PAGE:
Written by Don Byrd
Just over one year ago, U.S. Attorney General Jeff Sessions announced new guidance to all federal agencies regarding religious liberty protections. His “20 principles” were designed to steer agencies toward greater accommodation of religious observance. As the BJC’s Holly Hollman pointed out at the time, however, the directive treated complicated issues “in an overly simplistic way” that “will exacerbate controversy,” and gives “short shrift to the government’s duty to avoid ‘no establishment’ concerns.”
Now a year later, Sessions returned to the topic and announced a new initiative, ordering his newly created “religious liberty task force” to conduct a federal review of religious entities’ access to government benefits in light of the U.S. Supreme Court’s ruling in Trinity Lutheran Church. In that case, the court ruled that the State of Missouri violated the Constitution by excluding a church from a government grant program, even though state law prohibited such funding out of concerns for government establishment of religion.
Here is an excerpt from Sessions’ remarks earlier today:
As many of you know, last year, the Supreme Court decided a case called Trinity Lutheran, in which it held that a state policy denying grant money to any applicant owned or controlled by a religious entity violated the free exercise clause of the First Amendment.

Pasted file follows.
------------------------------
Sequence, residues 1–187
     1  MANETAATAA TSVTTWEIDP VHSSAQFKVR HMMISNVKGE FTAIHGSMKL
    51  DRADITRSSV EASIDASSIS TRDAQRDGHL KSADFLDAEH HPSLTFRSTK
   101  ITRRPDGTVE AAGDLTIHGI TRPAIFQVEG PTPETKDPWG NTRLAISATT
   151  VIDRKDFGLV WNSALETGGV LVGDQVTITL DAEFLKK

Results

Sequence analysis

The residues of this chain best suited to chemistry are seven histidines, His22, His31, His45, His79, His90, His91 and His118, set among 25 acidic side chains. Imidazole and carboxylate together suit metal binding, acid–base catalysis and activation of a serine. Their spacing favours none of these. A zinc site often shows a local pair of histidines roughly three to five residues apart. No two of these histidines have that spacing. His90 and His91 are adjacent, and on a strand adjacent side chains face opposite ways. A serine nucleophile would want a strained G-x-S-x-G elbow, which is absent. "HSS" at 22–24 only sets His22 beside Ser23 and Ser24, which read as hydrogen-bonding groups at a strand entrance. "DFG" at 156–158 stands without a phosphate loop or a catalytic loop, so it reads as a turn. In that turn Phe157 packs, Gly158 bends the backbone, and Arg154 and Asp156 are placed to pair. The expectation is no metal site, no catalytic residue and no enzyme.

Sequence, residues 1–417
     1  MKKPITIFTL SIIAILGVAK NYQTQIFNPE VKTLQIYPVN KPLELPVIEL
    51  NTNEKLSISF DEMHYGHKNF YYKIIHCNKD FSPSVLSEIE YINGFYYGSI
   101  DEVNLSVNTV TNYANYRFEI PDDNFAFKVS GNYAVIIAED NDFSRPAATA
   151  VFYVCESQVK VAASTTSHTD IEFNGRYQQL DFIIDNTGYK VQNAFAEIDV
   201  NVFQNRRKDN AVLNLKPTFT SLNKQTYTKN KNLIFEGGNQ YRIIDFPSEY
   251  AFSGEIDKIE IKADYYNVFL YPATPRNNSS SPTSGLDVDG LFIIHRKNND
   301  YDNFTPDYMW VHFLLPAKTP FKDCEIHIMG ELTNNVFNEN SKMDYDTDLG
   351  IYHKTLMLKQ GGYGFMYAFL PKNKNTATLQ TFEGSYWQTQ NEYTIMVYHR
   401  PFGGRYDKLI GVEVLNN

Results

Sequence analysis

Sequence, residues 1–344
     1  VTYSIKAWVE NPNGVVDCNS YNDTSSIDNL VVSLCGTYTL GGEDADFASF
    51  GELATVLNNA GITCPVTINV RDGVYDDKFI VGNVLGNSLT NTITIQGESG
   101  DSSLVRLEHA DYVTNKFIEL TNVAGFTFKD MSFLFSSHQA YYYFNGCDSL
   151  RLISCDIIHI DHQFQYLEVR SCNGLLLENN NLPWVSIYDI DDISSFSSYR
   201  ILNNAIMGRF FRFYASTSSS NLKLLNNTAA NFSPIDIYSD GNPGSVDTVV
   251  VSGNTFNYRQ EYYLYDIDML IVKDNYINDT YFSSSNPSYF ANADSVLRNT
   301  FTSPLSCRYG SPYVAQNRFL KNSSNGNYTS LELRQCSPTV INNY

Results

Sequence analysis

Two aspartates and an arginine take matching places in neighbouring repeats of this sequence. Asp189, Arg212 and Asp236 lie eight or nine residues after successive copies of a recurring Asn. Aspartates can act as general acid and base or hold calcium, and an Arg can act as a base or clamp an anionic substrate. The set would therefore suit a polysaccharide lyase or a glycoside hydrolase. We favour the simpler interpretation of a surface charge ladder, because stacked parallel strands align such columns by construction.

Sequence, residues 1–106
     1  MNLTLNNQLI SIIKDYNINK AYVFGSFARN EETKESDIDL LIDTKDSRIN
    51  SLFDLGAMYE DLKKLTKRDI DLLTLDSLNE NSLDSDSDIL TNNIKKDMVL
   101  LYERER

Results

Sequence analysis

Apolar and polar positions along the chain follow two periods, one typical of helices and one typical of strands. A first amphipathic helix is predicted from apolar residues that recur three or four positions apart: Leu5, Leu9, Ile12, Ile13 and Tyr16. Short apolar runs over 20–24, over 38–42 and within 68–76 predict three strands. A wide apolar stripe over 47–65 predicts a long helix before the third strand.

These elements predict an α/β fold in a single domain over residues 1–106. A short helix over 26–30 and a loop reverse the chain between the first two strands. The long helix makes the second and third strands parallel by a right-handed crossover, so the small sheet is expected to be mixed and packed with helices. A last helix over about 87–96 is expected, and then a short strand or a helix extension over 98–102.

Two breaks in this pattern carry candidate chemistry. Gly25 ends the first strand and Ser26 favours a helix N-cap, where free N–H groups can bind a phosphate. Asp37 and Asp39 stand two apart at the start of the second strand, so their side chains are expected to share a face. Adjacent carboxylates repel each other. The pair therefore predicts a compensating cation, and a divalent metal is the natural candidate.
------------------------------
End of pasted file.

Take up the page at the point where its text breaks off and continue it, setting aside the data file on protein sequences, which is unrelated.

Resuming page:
The Court declared that a state may not expressly discriminate against otherwise eligible religious entities by disqualifying them from a public benefit solely because of their religious character. This is a significant ruling.
Today I am ordering the Religious Liberty to Task Force to examine—in light of the Supreme Court’s ruling— whether there are other instances in which this kind of discrimination is occurring at the federal level. If so, it must, and will, stop.
We are going to keep going to court. We are going to keep winning. I say that because we are winning and because our superb legal team carefully reviews each case we take to ensure it is legally sound.
Fortunately, Sessions went on remind his audience that there are limits to free exercise when it comes to harming others. He urged Americans to approach the religious views of others with “mutual respect” and “humility.”
But let me just say this: religious freedom is not absolute—no one argues that. There is no right to do wrong and there is no right to deprive others of their rights. There is no right to demand that the state advance one’s religious beliefs over others.
But that’s not what we’re talking about.
Thomas Jefferson famously scoffed that “it neither picks my pocket nor breaks my leg” if someone else has the wrong religion. Certain people seem to have forgotten that.
I well remember that my father once corrected me, saying, “Never make fun of someone’s religion.” He was entirely serious about it. It was good advice. He explained that religion was very important to people, and to criticize their faith was to attack them as a person.
And so, no matter what your creed may be, we all would do well to recover that mutual respect and a certain humility about our own righteousness.
You can watch video of the entire address here, including interruptions or protest from members of the clergy who were present at the speech.